32
   

Things that sound wrong when pronounced right.

 
 
djjd62
 
  1  
Reply Wed 26 Jan, 2011 06:33 am
this might be pretty local, but the auto industry is pretty big down this way (Windsor/Detroit), when people mention who they work for they might say Chrysler or GM (General Motors), or Fords (Ford Motor Company), why the "s", does Ford not sound right (I work for Ford vs I work for Fords)

a black friend of ours who worked for GM always said GMs, but she was the only person (apart from her other family members) i was aware of who said it that way
MontereyJack
 
  1  
Reply Wed 26 Jan, 2011 06:58 am
My grandmother, according to family legend, was Henry Ford's secretary in the WAY early, well before the Model T, days, when they only had one. Cash was short, and they offered her stock for part of her wage. She had mouths to feed, so she opted for money instead. Damn, Grandma Louise, take the stock....

We moved away from Michigan when I was 16, but saying "Ford's" does dimly ring kind of a bell, maybe because it was clearly Henry Ford's company. and he was such a large presence in the city and the country and the company Much more I guess than Walter Chrysler.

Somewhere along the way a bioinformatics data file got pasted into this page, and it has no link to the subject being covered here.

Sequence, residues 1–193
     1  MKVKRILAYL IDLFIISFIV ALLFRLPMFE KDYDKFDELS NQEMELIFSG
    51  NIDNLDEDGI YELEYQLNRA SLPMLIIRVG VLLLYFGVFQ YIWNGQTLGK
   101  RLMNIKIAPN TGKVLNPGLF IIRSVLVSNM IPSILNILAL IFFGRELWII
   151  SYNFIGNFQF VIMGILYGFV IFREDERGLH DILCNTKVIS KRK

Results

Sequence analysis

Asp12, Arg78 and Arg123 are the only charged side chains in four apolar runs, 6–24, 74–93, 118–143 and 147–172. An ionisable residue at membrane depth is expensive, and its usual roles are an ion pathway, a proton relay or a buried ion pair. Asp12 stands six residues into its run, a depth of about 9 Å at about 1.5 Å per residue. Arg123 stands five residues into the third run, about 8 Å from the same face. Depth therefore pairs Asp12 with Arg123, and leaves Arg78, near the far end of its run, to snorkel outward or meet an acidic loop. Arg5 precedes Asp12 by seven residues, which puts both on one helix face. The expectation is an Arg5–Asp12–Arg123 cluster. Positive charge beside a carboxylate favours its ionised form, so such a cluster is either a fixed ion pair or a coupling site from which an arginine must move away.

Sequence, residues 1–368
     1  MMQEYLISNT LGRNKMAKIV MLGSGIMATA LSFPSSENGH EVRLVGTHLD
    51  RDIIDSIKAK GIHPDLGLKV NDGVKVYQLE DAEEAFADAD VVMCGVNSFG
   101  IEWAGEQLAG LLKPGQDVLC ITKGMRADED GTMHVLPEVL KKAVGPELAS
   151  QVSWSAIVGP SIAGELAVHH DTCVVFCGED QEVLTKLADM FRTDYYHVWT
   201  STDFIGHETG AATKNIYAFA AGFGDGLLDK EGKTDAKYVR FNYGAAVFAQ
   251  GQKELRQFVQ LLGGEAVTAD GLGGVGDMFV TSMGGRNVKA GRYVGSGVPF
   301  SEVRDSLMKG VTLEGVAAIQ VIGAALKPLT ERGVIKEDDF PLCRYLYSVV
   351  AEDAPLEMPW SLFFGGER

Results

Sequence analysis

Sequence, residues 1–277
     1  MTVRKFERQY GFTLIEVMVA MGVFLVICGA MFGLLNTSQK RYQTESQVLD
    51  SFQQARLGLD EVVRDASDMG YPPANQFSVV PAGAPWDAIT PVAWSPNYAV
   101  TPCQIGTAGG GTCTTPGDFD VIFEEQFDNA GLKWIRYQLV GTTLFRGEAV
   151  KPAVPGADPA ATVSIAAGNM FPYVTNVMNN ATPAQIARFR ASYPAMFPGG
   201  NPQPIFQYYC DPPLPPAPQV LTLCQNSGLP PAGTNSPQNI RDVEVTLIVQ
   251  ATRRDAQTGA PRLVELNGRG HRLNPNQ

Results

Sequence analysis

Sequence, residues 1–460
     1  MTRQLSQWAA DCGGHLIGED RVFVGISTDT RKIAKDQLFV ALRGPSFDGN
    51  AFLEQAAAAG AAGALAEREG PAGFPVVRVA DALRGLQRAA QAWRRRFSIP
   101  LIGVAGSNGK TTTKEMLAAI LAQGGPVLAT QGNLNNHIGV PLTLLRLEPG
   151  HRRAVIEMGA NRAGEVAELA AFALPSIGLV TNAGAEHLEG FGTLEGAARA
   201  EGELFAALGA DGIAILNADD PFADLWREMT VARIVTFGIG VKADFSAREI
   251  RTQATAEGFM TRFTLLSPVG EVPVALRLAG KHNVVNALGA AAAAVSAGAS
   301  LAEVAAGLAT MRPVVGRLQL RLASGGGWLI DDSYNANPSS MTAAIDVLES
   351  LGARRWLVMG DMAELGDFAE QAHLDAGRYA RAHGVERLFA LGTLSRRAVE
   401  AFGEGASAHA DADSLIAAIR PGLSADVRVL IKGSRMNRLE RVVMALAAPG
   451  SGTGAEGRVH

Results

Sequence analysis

0 Replies
 
Roberta
 
  1  
Reply Wed 26 Jan, 2011 08:27 am
There's a small street in the Bronx called FtEly Avenue. It's pronounced fuhteely. Go figure.
0 Replies
 
Setanta
 
  -1  
Reply Wed 26 Jan, 2011 08:31 am
@MontereyJack,
Ha. That's pretty funny. I'm getting upset, as i so often do. But your continued pissing and moaning on this subject is not evidence that you have gotten upstet? Who are "they?" The Dick van Patten family of San Diego? That's what David Letterman would have said, back in the day. You've heard of Dave--he's a funny guy, he has a sense of humor . . . unlike you.
0 Replies
 
Roberta
 
  1  
Reply Wed 26 Jan, 2011 08:35 am
The lower east side (again NYC) has Houston Street--pronounced house-ton. Go figure.
0 Replies
 
Setanta
 
  1  
Reply Wed 26 Jan, 2011 08:40 am
They have some very odd pronunciations in Norfolk, Virginia, too . . . house is one of them. I would not attempt to ender the pronunciation here . . . you gotta hear it to believe it . . .